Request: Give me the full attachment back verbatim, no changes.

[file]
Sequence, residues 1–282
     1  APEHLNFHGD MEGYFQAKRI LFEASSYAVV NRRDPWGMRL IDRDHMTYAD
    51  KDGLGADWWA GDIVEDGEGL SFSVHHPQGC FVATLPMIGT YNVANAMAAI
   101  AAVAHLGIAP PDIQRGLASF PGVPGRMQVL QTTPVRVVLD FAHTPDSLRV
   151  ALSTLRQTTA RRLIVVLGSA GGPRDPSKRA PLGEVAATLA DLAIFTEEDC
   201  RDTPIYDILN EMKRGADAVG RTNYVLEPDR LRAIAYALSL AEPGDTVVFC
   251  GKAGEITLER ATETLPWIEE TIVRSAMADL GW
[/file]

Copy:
Sequence, residues 1–282
     1  APEHLNFHGD MEGYFQAKRI LFEASSYAVV NRRDPWGMRL IDRDHMTYAD
    51  KDGLGADWWA GDIVEDGEGL SFSVHHPQGC FVATLPMIGT YNVANAMAAI
   101  AAVAHLGIAP PDIQRGLASF PGVPGRMQVL QTTPVRVVLD FAHTPDSLRV
   151  ALSTLRQTTA RRLIVVLGSA GGPRDPSKRA PLGEVAATLA DLAIFTEEDC
   201  RDTPIYDILN EMKRGADAVG RTNYVLEPDR LRAIAYALSL AEPGDTVVFC
   251  GKAGEITLER ATETLPWIEE TIVRSAMADL GW